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News Article

SXSW 2011: Where Are They Now?

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Festivals are a great place to go to see the newest, weirdest, indie-est flicks around.  If you can't get to festivals - like, say, SXSW this week in Austin - you can have a little piece of mind knowing that the main reason for festivals is for these films to get distribution.  With a little patience, you can see festival favorites on DVD, VOD, or - dare to dream - in local theatres.  But what about when those films you have heard so much about, seen clips from, read reviews of, don't get picked up?  In honor of SXSW, we look back at a few of the most anticipated films to play at SXSW, then disappear with hardly a trace. 

All the Boys Love Mandy Lane

This teen horror flick from Jonathan Levine (The Wackness) made a splash at SXSW 2007 and is still at the top of most horror fans's wish lists.  Mandy Lane, a quiet good girl, gets hot over the summer and becomes the apple of every boy's eye.  She is invited to a weekend rager at an isolated ranch, not knowing that all the boys are betting on who can score with her first.  But once the festivities begin, the revelers start to disappear.  Mandy Lane was set to make her Stateside debut in the summer of 2007, it was canceled at last minute, and hasn't been seen since - well, not in this country.  Mandy Lane played theatrically all over Europe and the Middle East in 2008, and is readily available on DVD and Blu-Ray in other regions, yet still has yet to surface in a Region 1 format.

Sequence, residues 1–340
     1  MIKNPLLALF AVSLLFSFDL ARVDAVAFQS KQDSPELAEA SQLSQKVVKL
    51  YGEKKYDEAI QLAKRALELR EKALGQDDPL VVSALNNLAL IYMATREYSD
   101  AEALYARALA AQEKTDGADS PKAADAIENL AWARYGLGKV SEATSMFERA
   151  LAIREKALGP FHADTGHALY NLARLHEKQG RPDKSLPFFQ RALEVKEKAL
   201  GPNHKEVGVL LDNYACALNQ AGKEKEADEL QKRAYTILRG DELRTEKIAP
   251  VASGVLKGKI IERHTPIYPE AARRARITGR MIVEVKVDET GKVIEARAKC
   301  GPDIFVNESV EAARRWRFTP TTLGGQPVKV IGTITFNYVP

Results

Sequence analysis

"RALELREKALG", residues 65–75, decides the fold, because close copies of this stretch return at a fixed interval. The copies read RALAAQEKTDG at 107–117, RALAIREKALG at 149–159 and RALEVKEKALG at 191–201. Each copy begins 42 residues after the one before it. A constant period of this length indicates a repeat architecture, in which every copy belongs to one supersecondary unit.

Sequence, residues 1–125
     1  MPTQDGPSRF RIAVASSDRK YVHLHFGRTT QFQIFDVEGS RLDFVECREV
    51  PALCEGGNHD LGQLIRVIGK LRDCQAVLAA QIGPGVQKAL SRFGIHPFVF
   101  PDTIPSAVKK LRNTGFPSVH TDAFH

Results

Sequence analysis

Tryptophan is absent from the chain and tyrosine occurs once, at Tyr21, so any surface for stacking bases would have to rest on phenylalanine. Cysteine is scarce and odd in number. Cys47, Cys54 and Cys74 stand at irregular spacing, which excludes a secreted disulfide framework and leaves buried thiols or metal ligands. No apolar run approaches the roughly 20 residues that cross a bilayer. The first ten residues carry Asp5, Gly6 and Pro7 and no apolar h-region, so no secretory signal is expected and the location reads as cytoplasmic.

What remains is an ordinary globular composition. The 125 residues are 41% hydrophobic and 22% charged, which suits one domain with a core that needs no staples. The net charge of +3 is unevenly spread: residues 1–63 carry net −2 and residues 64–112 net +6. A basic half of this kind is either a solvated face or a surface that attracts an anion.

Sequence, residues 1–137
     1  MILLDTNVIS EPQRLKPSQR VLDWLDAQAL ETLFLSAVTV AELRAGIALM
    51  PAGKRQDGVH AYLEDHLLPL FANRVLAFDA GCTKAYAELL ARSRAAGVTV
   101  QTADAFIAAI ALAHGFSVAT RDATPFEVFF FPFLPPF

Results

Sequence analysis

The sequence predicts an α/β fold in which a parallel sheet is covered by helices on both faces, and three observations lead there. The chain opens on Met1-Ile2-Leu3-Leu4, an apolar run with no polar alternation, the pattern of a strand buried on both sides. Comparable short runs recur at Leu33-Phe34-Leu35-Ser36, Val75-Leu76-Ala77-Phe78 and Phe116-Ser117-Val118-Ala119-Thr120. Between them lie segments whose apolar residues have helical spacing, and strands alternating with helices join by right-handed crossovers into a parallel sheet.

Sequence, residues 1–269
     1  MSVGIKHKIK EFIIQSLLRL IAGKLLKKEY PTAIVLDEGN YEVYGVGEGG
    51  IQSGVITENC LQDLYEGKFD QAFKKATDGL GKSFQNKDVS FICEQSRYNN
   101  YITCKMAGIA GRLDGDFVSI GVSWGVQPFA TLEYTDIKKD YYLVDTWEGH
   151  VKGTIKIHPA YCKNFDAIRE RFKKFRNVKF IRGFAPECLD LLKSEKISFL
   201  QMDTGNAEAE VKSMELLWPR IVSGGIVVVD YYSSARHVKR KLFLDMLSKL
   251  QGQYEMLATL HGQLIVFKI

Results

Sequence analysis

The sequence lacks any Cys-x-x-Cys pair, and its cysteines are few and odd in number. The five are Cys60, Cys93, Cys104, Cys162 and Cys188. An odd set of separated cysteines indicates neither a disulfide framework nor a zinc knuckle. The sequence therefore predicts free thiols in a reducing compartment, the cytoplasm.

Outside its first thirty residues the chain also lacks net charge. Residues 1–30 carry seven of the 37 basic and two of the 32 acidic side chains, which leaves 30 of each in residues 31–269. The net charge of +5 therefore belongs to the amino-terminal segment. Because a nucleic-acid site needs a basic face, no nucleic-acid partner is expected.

The Loved Ones

Australian director Sean Byrne made his feature debut last year with The Loved Ones.  Another teen slasher, The Loved Ones shows the diabolical lengths one girl will go to when her advances towards a classmate are rebuffed.  The film received a theatrical run in Australia, and is readily available on Region 2 DVD, but not a whisper about an American release.

Read FEARnet's Review

A Necessary Death

This docu-style flick is about film students who decide that, for their final project, they would document a suicidal person's process from preparation to death.   A Necessary Death made the 2008 festival rounds, but then seemed to disappear from the landscape.  The film's Facebook page hasn't been updated for three years, and the official website is completely offline.  A Necessary Death was the feature film debut of German director Daniel Stamm, who went on to direct The Last Exorcism and is planning a remake of the French film Martyrs.

Read FEARnet's Review

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